Women Refuseniks Organize

MOSCOW—Feb. 17, 1978

Scene: The living room of Grigory and Natalia Rosenstein.

The table dominated the room. It was laden with those special dishes which mark the celebration of the Shabbat in Jewish homes throughout the world.

We numbered 22— six Refusenik couples, the two Rosenstein children, and English, French and American visitors who had been meeting with Refuseniks during the week. Our Jewishness cut across all existing boundaries as we momentarily put aside the oppression, the fright, the frustration, the pain and welcomed the Shabbat with shared hopes and dreams.

I had only that day learned of the existence of the Soviet Jewish Women’s Committee. Its top priority is Jewish culture and the Refusenik children’s general welfare and health (particularly the availability of medicine, even vitamins). [According to the Student Struggle for Soviet Jewry, the Women’s Committee also opened an underground kindergarten in Moscow.]

The committee scheduled a demonstration for March 8, International Women’s Day, at the Lenin Library. [More than 100 KGB agents surrounded the area and attempted to hold the 23 demonstrators. The four women who reached the site of the planned demonstration managed to open their coats and unfurl signs with the message “Let Us Go To Israel,” written in blue and white and a Star of David. KGB agents arrested them, according to the National Council on Soviet Jewry.]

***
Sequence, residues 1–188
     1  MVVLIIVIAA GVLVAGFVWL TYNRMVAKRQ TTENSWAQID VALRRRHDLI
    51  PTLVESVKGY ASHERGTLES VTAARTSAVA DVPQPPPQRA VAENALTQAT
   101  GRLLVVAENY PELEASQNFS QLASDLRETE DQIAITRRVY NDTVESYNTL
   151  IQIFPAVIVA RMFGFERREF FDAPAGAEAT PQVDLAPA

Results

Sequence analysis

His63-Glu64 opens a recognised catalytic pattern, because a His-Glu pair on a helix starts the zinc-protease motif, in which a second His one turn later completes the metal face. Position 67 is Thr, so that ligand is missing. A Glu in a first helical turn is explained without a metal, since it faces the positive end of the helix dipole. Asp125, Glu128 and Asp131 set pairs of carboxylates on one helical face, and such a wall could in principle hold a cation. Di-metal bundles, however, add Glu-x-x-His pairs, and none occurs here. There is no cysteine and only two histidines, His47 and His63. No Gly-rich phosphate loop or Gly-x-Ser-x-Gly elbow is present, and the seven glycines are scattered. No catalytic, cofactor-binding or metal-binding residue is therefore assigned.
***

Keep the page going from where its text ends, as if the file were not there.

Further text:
After I returned to the U.S., I attended a national “retreat” of young Jewish leaders in Washington, D.C. I delivered a message from the Women’s Committee asking for support from the West. However the American Jewish organizational structure limits the ability of national boards and committees to undertake direct, quick action. For example, in March, an officer on the National UJA Young Women’s Cabinet told me, “Before we can proceed [with action on behalf of the Women’s committee]… we must clear it.” Half a year later, this officer has not yet gotten back to me.

Meanwhile, the members of the Soviet Jewish Women’s Committee hold to the statement made to me in February: “No persecution shall stop us in our struggle.”